Letter from the Director!

September 11, 2019

The outdoors is a great place to teach children about science and learn about where things grow. Children can develop their understanding of evaporation and water flow by exploring puddles and drains, investigate animal behaviors by observing birds and bugs, and learn about life cycles by watching plants sprout, grow, flower, and create seeds. Many children who live in town miss out on the rich and varied opportunities for science learning afforded by the outdoors. Parents, educators, and other primary caregivers might not realize that a small patch of grass, a single tree, and a walk to the store are all opportunities to learn about nature, generate questions, and conduct experiments to find answers. Taking advantage of these opportunities provides children with ways to engage with important environmental science concepts, connect science with the real world, and help build an understanding of every day phenomena, such as why leaves fall from trees and where rain goes after it falls from the sky. A child may learn where a squirrel takes shelter from the rain simply by allowing them to look out the window during a rain storm. Unfortunately, families often view the outdoors not as a rich environment for exploration, but merely as a place for children to play or as an interesting space between one building and another.  

 

Here at Delaware Child Development Center we value the outdoors as much, if not more, than our indoor spaces. This month our amazing Preschool and Early Preschool playgrounds were developed, and minus some final touches, they are finished! The children have been utilizing them and loving every element, including the zipline!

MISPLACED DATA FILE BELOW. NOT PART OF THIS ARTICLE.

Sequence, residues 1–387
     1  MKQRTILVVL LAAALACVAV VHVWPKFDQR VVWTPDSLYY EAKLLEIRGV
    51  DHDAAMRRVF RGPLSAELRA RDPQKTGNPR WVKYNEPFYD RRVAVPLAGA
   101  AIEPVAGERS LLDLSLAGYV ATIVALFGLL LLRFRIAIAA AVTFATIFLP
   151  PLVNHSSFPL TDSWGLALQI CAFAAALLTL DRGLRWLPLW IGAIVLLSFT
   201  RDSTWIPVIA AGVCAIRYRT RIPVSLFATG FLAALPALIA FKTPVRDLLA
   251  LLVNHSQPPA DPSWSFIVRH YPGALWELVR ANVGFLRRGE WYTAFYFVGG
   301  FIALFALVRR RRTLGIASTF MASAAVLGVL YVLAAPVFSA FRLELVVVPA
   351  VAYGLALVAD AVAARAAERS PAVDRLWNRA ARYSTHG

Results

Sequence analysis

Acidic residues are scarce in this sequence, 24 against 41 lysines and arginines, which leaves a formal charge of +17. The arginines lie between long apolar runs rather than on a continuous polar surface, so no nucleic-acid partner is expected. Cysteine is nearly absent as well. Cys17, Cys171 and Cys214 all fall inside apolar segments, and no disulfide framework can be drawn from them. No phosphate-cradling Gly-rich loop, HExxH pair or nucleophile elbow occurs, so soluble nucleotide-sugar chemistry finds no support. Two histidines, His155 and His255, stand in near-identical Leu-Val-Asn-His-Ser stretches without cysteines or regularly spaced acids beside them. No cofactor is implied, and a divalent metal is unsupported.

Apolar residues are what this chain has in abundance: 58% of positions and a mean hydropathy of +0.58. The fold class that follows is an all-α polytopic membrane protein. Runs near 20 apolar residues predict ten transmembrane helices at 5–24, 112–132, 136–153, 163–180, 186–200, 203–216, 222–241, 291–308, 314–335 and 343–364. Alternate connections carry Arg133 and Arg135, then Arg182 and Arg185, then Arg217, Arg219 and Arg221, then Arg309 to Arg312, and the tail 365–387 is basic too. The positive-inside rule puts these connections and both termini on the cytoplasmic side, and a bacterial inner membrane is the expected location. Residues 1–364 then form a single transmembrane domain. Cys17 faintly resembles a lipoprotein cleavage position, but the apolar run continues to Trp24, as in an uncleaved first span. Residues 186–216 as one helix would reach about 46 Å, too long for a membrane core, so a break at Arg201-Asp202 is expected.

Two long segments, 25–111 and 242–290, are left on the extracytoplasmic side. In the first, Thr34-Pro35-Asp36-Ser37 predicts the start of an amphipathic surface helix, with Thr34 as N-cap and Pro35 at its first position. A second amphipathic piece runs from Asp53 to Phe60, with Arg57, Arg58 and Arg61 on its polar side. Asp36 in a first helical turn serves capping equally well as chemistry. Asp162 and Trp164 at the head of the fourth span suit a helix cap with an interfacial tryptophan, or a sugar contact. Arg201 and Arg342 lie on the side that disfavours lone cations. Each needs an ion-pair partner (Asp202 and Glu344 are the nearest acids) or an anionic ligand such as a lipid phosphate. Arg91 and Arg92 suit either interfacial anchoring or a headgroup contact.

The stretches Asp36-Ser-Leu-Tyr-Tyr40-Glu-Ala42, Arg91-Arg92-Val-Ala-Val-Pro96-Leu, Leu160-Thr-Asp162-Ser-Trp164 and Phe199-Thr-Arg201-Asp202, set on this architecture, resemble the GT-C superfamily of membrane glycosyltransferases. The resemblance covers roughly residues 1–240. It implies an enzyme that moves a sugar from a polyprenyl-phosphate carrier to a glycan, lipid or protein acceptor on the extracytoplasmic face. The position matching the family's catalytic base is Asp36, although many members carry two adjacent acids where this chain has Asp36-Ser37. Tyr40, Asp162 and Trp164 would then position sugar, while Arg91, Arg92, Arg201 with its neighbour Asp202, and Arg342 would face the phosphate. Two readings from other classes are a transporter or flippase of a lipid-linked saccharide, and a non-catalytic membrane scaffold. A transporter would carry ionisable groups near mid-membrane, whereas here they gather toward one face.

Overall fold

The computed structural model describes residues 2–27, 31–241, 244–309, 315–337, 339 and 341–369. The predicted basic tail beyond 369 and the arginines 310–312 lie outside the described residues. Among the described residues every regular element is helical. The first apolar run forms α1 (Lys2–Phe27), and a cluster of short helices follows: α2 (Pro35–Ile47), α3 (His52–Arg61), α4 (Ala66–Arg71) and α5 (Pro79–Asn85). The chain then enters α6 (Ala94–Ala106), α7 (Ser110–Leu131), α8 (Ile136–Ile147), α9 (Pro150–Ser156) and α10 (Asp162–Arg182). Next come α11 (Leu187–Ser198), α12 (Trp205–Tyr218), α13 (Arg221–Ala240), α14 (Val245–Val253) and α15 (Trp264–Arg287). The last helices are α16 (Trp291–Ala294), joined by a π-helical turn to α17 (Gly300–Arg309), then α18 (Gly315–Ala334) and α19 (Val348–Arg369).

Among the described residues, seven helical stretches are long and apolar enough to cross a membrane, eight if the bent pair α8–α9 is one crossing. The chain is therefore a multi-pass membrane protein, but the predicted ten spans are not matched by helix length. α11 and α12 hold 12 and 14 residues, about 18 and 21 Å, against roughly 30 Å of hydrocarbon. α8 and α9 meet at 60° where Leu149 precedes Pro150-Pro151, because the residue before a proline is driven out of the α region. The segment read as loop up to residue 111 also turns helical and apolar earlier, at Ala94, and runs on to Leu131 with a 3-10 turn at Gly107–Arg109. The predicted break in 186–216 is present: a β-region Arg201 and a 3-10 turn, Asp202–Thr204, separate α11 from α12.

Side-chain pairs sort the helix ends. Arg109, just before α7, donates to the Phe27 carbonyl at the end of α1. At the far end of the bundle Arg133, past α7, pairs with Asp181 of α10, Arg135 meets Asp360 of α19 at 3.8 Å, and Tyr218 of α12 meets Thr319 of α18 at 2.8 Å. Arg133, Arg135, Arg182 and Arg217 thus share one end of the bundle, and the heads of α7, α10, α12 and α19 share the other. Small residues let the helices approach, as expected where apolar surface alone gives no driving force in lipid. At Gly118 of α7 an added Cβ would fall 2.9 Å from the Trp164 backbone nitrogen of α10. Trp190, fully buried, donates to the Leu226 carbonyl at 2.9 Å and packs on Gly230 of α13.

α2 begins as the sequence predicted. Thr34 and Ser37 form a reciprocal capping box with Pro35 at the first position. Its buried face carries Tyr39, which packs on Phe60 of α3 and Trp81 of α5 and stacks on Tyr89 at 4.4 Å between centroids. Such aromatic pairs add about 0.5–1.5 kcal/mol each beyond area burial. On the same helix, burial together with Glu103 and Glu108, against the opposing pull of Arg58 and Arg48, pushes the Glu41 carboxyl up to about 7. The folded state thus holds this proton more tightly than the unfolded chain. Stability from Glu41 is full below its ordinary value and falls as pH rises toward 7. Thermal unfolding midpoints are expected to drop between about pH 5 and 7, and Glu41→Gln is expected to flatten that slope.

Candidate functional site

Our infant sensory garden playground is now under new development as you may have noticed walking up the sidewalk while arriving and departing the center. I would love to invite all families to go look at the newly developed playground. We are very proud. Our maintenance crew did a wonderful job seeing and building the vision we had planned.

 

You may not think of spaces in town as areas where you can do nature-based activities or may not think that there are meaningful ways to interact with nature in cities. Even families and educators who are aware of the potential for outdoor learning in urban settings often think they lack the resources, knowledge, time, and space to engage children in these educational experiences. Being disconnected from nature reduces opportunities for science exploration that can have negative health consequences. Lack of time in nature can cause many health concerns. This disconnect is associated with obesity, asthma, attention disorders, poor self-regulation, low self-esteem, anxiety, and depression. These issues are more common among children than you would think. Stress also is more common among children nowadays. Spending time outdoors and in nature however has been found to mediate children’s stress levels. That is why our teachers are determined to allow the children at Delaware Child Development Center as much outdoor time as they possibly can.  

 

You may be asking yourself how you can support this type of development. Simply providing our teachers with appropriate clothing for your child each day is very helpful. Things such as clothes that can get wet/muddy, rain boots, water shoes, swimwear, and shoes that are made to get wet are all fine examples. One thing to remember as parents of children who attend DCDC, when you are picking up your child at the end of the day, it’s a good possibility that they have gone outside. I mention this because they may be wet, sandy, and/or muddy. Please allow yourself some extra time to change their clothes and wash them up during pick-up as you may go somewhere after pick-up in which this appearance would not be appropriate.

 

Thank you,

Tina McClintic

DCD-Bartlesville Director

 

 

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